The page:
After a week of making decorations, writing calligraphy in black tempera paint, and stringing handmade paper lanterns across the school we started to hear murmurs of questions as to what the celebration was for. By telling students “It’s for Chinese New Year,” simply isn’t an exaggerated response. Students nod as they “ooh” and “aah” through the halls at all the embellishments and take the answer they are given.
But of course we took it a step further. We couldn’t exactly do a whole new school takeover with the Asian Invasion but we could further the discussion with the ELL students. I did a little research online and printed off two short articles about New Years traditions. I found a great visual element to match perfectly with the discussion-Chinese/Lunar New Year compared to American/English New Year traditions.
First we read through our reading materials and highlighted the important facts. We highlighted as a group to ensure we were all on the same page with our reading and our discussion. (Learning to highlight just the facts can be a reading focus lesson on its own.) The kids shared fun anecdotes about the celebration from their homes as I shared some of things we do to celebrate here in the USA. This, of course, involved sharing a video of the giant ball dropping in New York City’s Time Square.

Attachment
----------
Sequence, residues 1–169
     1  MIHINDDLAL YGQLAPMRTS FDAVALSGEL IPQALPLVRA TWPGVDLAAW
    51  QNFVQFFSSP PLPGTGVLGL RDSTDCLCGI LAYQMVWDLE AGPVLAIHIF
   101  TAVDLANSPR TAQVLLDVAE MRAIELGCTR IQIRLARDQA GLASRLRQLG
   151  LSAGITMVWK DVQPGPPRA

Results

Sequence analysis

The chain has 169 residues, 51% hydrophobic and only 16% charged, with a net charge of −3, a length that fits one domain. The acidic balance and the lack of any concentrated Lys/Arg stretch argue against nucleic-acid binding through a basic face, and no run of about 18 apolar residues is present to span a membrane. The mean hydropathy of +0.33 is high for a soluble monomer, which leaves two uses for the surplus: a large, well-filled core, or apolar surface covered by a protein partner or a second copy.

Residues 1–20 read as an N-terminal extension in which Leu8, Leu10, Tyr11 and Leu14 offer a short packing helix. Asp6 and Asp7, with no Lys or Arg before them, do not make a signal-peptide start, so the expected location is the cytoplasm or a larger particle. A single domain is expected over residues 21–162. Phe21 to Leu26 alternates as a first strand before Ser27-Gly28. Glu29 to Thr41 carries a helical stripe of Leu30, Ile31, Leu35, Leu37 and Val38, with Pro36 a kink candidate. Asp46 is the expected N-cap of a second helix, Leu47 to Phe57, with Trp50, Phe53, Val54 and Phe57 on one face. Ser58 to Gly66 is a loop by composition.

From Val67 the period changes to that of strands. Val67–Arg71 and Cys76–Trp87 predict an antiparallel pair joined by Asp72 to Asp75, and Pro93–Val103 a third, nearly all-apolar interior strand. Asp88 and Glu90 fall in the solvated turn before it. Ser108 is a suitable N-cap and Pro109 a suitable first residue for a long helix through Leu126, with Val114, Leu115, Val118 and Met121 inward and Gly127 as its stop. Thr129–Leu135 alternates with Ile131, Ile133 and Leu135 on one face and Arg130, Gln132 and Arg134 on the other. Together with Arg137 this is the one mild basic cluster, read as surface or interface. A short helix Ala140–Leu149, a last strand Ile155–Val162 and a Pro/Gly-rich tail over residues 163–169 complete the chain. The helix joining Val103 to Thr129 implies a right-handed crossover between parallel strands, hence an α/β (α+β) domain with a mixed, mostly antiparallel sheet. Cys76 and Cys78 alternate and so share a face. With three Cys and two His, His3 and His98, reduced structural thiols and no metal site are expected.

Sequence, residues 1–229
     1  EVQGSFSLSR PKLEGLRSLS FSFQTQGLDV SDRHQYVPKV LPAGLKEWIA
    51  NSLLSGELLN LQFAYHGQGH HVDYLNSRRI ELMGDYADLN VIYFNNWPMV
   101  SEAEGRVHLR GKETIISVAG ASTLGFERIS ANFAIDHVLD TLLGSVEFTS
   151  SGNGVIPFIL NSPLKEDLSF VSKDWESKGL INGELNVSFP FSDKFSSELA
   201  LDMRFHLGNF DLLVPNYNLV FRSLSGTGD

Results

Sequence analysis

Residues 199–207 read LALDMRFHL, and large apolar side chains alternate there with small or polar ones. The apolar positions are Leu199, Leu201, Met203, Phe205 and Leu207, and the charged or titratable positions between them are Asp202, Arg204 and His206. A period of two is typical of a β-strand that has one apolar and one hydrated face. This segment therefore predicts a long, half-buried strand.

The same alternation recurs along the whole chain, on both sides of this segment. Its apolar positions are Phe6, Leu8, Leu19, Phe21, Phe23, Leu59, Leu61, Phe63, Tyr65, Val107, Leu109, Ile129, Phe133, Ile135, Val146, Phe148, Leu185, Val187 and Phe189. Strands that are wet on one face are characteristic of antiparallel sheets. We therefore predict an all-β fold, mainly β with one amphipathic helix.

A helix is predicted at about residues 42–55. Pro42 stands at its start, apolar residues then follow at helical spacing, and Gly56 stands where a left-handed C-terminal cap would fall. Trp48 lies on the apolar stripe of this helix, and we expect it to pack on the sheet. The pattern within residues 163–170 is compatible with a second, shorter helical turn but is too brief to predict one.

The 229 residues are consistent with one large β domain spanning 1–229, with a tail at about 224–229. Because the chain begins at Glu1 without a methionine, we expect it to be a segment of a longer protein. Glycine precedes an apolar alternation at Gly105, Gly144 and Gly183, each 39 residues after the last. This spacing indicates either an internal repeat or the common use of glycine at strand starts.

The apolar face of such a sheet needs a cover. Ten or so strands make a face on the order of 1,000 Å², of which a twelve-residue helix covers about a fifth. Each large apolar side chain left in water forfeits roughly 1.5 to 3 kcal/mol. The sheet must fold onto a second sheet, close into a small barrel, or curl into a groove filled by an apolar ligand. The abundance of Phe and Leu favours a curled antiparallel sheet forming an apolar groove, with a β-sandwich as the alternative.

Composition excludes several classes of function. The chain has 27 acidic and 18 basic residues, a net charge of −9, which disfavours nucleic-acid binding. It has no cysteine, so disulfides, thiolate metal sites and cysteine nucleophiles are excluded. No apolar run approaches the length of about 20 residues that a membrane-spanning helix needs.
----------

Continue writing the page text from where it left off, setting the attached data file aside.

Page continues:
Xin Nian Hao, pronounced shin nee-an how, translates to New Year Good. A traditional greeting for our peers to welcome the new year and bring good wishes to those around us. Working with students that originate from other countries is always an eye opening opportunity. I always walk away with some new fact, history, or foreign word the students have shared with me. And the students love to correct me and ensure that I’m doing their culture justice.
In many Asian countries, specifically China and Vietnam, they celebrate the “new year” at the lunar new year. Depending on the area, the lunar new year is also the start to a sixteen day long Spring Festival. Although it’s still winter, the new year brings hope, prosperity, honor, love, peace, and good fortunes to all in the coming year. Wishing for a good and prosperous spring ahead.
The students, ELL teacher, and I have been working all week on decorations and celebratory activities in honor of the lunar new year. Our older Chinese students made traditional new year banners while our Vietnamese and Korean students also made large posters to ring in their new year. Each poster is adorned with their home language. The main and secondary halls are decorated with beautiful paper lanterns that the entire school helped make during their art time. Beautiful calligraphy banners dressed the doors in the main hall and every classroom door welcomes peers with a sign of peace, love, good fortune, prosperity, and honor. It’s truly been an honor to learn from our students and to help celebrate with them the traditions of their culture and engulf the school in these new ideas and cultural diversity.
This is a video I compiled of the students working on their banners and our decorated school.